Ballismus is a rare movement disorder with sudden, flinging movements. Read all about it here!


As ballismus It is a rare movement disorder characterized by involuntary flinging movements. The cause is the damage to a nerve cell area in the midbrain. For treatment, drugs for epilepsy are used. Read all about symptoms, diagnostics and therapy of ballism!

Product Overview


  • description

  • Causes and possible diseases

  • When should you go to the doctor?

  • What does the doctor?

  • You can do that yourself

Ballism: description

The word ballism comes from the Greek and means "throw" or "hurl".

The ballism manifests itself as a far-extending, fast and hurling motion sequence that occurs impulsively. The spin is also called Jaktation. This movement disorder is particularly emphasized on the fuselage sections of the arms and legs, ie the upper arms and thighs. During the most frequently occurring ballistic attacks there is a high risk of injury for the person concerned, since the movements are not controllable.

Ballism is one of the so-called hyperkinetic movement disorders. Hyperkinetic means: with "excessive energy".

Often, the ballism occurs unilaterally. In this case we speak of hemiballism. Similar excessive movements occur in the chorea or athetosis. In part, ballism is also understood as a form of chorea. This refers to rapid and uncontrollable movements of the face and the trunk-distant sections of the arms and legs.

Ballism: causes and possible diseases

The cause of the ballism is damage in the area of ​​movement control of the brain (including the globus pallidus, putamen or caudate nucleus). Often it concerns a special brain region, the so-called subthalamic nucleus. This nucleus (= nucleus) of gray matter belongs to the so-called intermediate brain. It is located at a central position in the brain below an important switch point for incoming and outgoing nerve signals, the thalamus.

The subthalamic nucleus is involved in an important control loop of motion control and regulation and has an inhibitory function. Since the brain consists of two halves, it gives it twice. If it only fails on one side, the movement disorder occurs only on one side (hemiballism). An overactivity of the subthalamic nucleus, however, leads to hypokinetic movement disorders, which means that those affected are particularly poor in movement.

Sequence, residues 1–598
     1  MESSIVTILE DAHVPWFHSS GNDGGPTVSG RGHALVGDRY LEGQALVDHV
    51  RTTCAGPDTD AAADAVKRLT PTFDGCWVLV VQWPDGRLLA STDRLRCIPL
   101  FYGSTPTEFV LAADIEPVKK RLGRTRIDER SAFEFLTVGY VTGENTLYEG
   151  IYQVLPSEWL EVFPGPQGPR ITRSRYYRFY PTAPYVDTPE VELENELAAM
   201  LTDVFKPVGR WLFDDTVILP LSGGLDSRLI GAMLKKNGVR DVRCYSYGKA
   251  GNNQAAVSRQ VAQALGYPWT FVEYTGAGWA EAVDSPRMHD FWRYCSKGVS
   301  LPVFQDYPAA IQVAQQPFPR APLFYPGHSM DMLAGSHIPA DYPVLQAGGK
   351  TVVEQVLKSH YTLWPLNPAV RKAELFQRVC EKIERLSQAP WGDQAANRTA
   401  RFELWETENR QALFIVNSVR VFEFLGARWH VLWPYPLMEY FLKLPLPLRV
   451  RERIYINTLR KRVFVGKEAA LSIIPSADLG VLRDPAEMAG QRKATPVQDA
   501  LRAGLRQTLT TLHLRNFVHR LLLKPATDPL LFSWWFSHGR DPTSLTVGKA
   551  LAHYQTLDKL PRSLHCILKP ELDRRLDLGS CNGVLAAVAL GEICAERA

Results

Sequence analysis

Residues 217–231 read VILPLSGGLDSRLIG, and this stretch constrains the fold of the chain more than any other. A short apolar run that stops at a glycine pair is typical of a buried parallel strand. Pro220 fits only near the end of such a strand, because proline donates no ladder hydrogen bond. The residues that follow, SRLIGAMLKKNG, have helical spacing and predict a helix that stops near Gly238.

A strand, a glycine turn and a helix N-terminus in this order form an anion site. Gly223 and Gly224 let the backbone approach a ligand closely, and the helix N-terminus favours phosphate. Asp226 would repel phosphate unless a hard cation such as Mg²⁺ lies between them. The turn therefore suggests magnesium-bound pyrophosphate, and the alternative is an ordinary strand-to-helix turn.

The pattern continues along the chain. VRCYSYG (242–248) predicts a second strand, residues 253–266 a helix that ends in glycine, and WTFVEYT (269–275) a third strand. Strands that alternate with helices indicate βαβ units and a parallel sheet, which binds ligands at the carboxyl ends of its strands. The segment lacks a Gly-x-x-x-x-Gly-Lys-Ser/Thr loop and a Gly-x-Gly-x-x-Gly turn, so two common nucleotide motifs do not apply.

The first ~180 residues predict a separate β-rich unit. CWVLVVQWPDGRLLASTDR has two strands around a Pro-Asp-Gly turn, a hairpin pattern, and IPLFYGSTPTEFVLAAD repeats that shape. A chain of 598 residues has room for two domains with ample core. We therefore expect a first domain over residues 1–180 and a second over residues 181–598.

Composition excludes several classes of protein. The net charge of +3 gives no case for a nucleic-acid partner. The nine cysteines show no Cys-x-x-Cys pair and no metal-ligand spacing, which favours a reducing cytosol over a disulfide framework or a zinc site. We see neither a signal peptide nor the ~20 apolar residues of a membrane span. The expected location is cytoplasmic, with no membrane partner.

In most cases, a (temporary) blood supply of this subthalamic nucleus by a hemorrhage or vascular occlusion is responsible for the symptoms of the ballistics. But infections (such as syphilis or tuberculosis) as well as tumors and metastases can damage the subthalamic nucleus. In rare cases, brain injuries are responsible for the ballism. While sleep leads to an alleviation of the symptoms, the ballism increases in mental arousal.

Ballism: When should you go to the doctor?

Ballism is always a serious symptom that needs to be clarified by a neurologist.

Ballism: What does the doctor do?

The specialist in diagnosis and therapy of ballism or hemiballism is the neurologist, a specialist in diseases of the nervous system. Mostly, the diagnosis can already be made by the typical description or an observed attack. However, it is not easy to distinguish the three similar movement disorders, chorea, athetosis and ballism.

For the distinction, a detailed description of the attacks is important. First of all, the doctor will ask questions such as:

  • How long does the movement disorder last?
  • How often do ballistic episodes occur?
  • Are there factors that trigger a ballism?
  • Does the movement disorder come out of rest or when moving?

Thereafter, the doctor will examine the patient in detail neurologically. For this he checks the function of the twelve cranial nerves, individual brain areas and the sensitivity and motor skills.

In addition, it may be necessary to examine blood and brain water. In order to gain brain water, a so-called CSF or lumbar puncture must be performed. To do this, a needle is inserted between the lower lumbar vertebrae to draw some brain water out of the space around the spinal cord.

Even so-called imaging studies such as computed tomography (CT) or magnetic resonance imaging (MRI) can be helpful in the correct diagnosis. Calcifications or infarcts may show up in the area of ​​the subthalamic nucleus.

In certain cases, a recording of the brain waves (electroencephalogram) is performed.

Ballism: treatment

In order to interrupt a ballistic attack, the antiepileptic (anticonvulsant) valproate or so-called neuroleptics is usually used. Less frequently, the so-called benzodiazepines are used.During a ballistic attack, the victim must be protected from injury by the ausschlagenden movements.

In severe cases, a neurosurgical procedure in the form of electrical stimulation or removal of certain areas of the brain may be considered as a long-term treatment (stereotactic brain surgery).

Ballism: You can do that yourself

ballismus may be an indication of a serious neurological disorder. Find a doctor!

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